Dave: “…The practice of killing the dead–”
Dave: “You heard me.”
Apparently Thoreau did not go to the woods because he wished to live deliberately, but because he wanted to get away from crazy people disinterring their relatives and eating their dead, infected-with-TB hearts.
September 26, 1859, he wrote:
The savage in man is never quite eradicated. I have just read of a family in Vermont–who, several of its members having died of consumption, just burned the lungs & heart & liver of the last deceased, in order to prevent any more from having it.
Run, Henry, it gets worse than just burning! Run!
See, tuberculosis, known as consumption, was thought to kill as the dead consumed their living family members’ life force. None of that silly science germy-germ stuff. No, a scapegoat we want, and a scapegoat we shall have! So burning, inhaling, cutting…and consuming. Yes, Larry, you will be having your sister’s heart for dinner. Do you want to die like she did? No? Then open the tunnel for the choo-choo train…
1892: Mercy and her sister and mother were exhumed. Mercy was, shall we say, fresh, so she was deemed the culprit in her remaining brother, Edwin’s, consumption. Mercy’s heart was removed, burned, pulverized, mixed with water…and then (hold on to your hats) Edwin was forced to drink a sister heart smoothie.
Moment of silence for that awful moment in time.
I’ll never look at a Frappuccino the same way again.
(Spoiler alert: It didn’t work. Edwin died two months later.)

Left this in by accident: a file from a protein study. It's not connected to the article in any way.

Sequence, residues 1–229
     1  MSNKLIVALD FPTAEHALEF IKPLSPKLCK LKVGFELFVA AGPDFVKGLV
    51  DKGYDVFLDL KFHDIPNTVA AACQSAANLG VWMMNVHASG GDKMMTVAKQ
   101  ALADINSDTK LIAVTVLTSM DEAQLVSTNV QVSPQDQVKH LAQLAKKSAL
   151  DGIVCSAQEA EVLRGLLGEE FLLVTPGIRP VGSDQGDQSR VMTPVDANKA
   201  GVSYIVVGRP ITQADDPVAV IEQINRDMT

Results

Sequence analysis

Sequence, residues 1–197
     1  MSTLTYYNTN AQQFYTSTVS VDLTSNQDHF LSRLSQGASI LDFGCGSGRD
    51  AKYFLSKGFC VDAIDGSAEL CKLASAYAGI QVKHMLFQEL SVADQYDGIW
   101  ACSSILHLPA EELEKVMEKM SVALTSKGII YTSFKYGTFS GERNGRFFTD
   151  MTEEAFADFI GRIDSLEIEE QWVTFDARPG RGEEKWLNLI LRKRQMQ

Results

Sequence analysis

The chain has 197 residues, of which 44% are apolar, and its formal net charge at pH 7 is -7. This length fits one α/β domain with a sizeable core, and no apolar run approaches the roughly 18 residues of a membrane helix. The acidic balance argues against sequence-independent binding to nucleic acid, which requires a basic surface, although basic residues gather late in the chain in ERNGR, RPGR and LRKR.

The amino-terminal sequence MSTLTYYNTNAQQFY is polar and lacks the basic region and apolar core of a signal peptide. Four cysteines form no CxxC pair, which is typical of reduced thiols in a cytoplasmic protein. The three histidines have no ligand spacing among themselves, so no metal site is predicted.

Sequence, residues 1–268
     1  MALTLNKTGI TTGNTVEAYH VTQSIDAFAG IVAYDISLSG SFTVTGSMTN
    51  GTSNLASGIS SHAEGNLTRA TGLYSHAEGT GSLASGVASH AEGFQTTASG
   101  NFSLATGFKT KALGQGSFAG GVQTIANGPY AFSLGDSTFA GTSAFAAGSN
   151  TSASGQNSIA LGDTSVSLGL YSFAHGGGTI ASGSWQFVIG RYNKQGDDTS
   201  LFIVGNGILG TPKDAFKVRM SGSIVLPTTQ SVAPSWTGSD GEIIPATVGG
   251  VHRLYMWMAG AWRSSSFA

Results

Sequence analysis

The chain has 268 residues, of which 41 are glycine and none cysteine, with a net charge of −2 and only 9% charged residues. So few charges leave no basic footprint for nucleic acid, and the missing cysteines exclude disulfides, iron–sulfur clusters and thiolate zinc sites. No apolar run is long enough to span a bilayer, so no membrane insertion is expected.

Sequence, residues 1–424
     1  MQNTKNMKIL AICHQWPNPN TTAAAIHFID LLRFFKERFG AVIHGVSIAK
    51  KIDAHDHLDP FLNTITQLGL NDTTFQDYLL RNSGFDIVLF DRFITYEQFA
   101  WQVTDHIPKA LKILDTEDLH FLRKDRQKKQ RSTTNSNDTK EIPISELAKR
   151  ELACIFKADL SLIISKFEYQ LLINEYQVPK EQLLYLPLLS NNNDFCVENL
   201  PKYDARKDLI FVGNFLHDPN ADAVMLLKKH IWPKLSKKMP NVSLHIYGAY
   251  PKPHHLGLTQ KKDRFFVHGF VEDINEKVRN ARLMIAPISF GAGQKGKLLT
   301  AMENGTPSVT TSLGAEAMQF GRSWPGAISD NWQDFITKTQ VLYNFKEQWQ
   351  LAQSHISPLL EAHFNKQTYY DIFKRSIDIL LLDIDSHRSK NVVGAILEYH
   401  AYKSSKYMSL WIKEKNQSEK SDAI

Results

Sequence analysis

Mercy has been a great influence on the horror industry, no surprise:
- Caitlin R. Kiernan’s short story, “So Runs the World Away”: The Ape’s Wife and Other Stories
- Lucy Westenra, Mina’s ill-fated BFF in Dracula
- H. P. Lovecraft’s short story “The Shunned House”: The Complete Fiction of H.P. Lovecraft (Knickerbocker Classics)
- Sarah L. Thomson’s young adult horror novel Mercy: The Last New England Vampire
- Oh…and a rap song. Get down, Mercy Heart! B. Dolan’s song, “The Hunter”, on Fallen House Sunken City
Smithsonian article on the New England Vampire Panic
The Vampire Hunter’s Guide to New England: True Tales of the Yankee Undead by Christopher Rondina and Chuck Durang
Food for the Dead: On the Trail of New England’s Vampires by Michael E. Bell
New England’s Things That Go Bump In The (New England’s Collectible Classics) by Robert Ellis Cahill
Cultural references from this episode:
- Conjunction Junction (Schoolhouse Rock was the ’70’s, y’all)
- Nosferatu (the first modern cinema vampire, recognize)
- Dick van Dyke in Mary Poppins, shrouded in instruments
- City Mouse and Country Mouse
band names for this episode:
- Turnip Fucker
- Asshole Ghost
- Dead Larry
- Stabbing Carrots
- Freezer Fresh
- Eating Hearts
- Burning Heart